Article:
What Caused the Hoboken Train Crash?

Photo of a personal injury claim formNew Jersey residents received a shock when, during the morning rush hour, a high-speed train packed with passengers slammed into a terminal. One woman died on the platform and more than 100 people were injured in the Hoboken train crash. According to witnesses on the scene, the train overran its designated stopping point, smashed into a bumper block, which caused it to go airborne and crashed through one of the busiest terminals in the New York area.

While the cause of the train crash is still under investigation, engineering experts believe it was likely caused by human error. The engineer claims he entered the train station at only 10 miles per hour, was fully rested and was not on his cell phone. The engineer also said he does not remember the crash itself.

However, at a recent press conference, New Jersey Transit officials confirmed the train was definitely going too fast before it slammed into the station’s busy concourse. The National Transportation Safety Board (NTSB) is looking to examine all possible causes, including:

  • Operator error
  • Possible mechanical issues
  • Signal failures
  • Track issues

What is Operator Error?

The operation of a train with multiple cars and hundreds of passengers is no easy task and requires full concentration at all times. When a train operator puts passengers at risk by acting carelessly or negligently, this I called operator error. Common types of operator errors include:

  • Speeding ­– Trains have to begin slowing down miles before being able to come to a complete stop. When an operator speeds, they are more likely to derail the train, especially around curves or are more likely to cause a collision.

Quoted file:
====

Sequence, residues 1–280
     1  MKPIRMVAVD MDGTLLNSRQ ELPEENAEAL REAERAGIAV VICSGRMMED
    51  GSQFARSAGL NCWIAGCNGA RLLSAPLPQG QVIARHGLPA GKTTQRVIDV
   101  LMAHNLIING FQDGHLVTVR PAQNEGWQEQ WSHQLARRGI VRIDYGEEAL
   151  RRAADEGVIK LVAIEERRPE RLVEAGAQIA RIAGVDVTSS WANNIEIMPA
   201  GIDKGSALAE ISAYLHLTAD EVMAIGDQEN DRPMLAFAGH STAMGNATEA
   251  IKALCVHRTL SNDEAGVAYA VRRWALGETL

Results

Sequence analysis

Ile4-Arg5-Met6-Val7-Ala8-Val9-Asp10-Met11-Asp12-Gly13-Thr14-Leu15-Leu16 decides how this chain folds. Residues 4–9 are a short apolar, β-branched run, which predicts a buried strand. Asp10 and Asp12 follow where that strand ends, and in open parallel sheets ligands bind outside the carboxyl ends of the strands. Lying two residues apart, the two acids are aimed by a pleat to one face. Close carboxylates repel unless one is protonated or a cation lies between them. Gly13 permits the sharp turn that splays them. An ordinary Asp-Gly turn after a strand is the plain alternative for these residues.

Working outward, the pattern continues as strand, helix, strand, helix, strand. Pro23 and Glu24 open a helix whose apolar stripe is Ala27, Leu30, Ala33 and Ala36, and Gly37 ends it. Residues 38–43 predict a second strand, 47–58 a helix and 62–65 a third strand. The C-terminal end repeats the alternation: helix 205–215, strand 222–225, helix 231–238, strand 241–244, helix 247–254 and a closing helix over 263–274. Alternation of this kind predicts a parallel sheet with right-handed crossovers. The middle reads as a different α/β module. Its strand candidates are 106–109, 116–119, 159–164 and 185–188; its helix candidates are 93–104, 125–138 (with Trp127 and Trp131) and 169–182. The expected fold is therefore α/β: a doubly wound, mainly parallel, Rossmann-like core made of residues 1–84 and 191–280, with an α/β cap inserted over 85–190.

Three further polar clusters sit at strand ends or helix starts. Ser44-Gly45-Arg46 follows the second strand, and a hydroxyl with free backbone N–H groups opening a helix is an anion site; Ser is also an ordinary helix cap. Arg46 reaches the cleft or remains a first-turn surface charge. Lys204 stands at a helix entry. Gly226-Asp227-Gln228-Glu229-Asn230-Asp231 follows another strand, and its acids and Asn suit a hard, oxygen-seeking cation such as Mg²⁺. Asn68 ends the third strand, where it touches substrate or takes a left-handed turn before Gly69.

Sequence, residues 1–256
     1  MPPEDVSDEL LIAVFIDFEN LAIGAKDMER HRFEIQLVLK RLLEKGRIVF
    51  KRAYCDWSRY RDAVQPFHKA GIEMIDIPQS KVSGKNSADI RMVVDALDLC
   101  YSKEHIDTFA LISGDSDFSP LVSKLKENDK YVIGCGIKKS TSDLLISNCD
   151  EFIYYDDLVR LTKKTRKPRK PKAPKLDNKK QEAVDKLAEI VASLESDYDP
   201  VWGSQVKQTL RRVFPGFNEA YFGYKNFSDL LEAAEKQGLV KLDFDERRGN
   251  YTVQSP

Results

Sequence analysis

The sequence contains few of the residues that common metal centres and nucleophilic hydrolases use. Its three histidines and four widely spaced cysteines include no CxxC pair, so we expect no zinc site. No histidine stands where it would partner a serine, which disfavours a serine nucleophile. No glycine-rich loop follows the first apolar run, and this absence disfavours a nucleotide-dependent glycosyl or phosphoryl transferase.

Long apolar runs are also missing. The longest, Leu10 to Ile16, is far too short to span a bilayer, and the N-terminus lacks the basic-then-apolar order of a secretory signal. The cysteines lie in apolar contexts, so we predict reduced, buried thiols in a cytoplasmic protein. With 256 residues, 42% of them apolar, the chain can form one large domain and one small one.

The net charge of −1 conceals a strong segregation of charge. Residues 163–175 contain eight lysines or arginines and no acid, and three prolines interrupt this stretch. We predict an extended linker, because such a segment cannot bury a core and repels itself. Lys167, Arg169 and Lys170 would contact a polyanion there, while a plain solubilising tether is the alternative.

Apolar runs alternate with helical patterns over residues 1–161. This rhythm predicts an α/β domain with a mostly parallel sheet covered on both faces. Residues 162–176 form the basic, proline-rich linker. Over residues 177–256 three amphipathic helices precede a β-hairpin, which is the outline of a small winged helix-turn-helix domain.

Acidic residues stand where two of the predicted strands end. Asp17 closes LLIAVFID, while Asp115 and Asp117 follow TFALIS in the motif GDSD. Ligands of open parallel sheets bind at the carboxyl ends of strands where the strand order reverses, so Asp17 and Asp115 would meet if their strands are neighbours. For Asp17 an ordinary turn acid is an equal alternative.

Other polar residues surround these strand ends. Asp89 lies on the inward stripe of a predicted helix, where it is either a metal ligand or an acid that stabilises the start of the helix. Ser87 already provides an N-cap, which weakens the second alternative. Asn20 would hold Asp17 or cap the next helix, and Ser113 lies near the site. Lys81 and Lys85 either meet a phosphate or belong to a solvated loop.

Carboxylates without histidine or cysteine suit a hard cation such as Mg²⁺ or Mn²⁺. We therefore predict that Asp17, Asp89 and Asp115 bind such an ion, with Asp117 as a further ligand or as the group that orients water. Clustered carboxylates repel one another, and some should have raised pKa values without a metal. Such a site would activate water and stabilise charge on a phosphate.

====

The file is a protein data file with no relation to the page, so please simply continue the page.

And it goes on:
• Distracted driving – Train operators are expected to remain focused while operating trains. When they are texting, talking on the phone or adjusting the radio, they are putting passengers at risk.
  • Failure to stop – While some operators are familiar with certain train routes, it does not excuse failure to yield at lights, exchanges and intersections. Failure to stop is one of the most common causes of train crashes.
  • Operating while fatigued – Studies show fatigued train operators are not able to fully focus on their duties and surroundings.

If the train’s engineer had at some point become capacitated, a train safety technology exists called positive train control (PTC). This technology uses GPS to track the train and can also automatically stop the train, if necessary. Unfortunately, NJ Transit has not installed this technology onto their trains or track segments. If it had, perhaps the Hoboken train crash could have been prevented.

Spevack Law Firm is a personal injury law firm in New Jersey that helps those injured in transportation accidents.

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